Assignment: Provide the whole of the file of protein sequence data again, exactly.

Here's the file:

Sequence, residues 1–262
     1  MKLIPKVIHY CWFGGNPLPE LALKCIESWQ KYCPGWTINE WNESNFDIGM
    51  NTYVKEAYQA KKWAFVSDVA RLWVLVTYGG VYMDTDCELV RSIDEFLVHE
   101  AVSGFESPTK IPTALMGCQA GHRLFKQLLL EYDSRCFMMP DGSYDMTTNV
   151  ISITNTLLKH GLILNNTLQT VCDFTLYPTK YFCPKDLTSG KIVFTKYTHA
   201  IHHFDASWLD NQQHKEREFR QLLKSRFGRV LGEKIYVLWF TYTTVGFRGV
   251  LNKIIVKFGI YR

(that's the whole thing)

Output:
Sequence, residues 1–262
     1  MKLIPKVIHY CWFGGNPLPE LALKCIESWQ KYCPGWTINE WNESNFDIGM
    51  NTYVKEAYQA KKWAFVSDVA RLWVLVTYGG VYMDTDCELV RSIDEFLVHE
   101  AVSGFESPTK IPTALMGCQA GHRLFKQLLL EYDSRCFMMP DGSYDMTTNV
   151  ISITNTLLKH GLILNNTLQT VCDFTLYPTK YFCPKDLTSG KIVFTKYTHA
   201  IHHFDASWLD NQQHKEREFR QLLKSRFGRV LGEKIYVLWF TYTTVGFRGV
   251  LNKIIVKFGI YR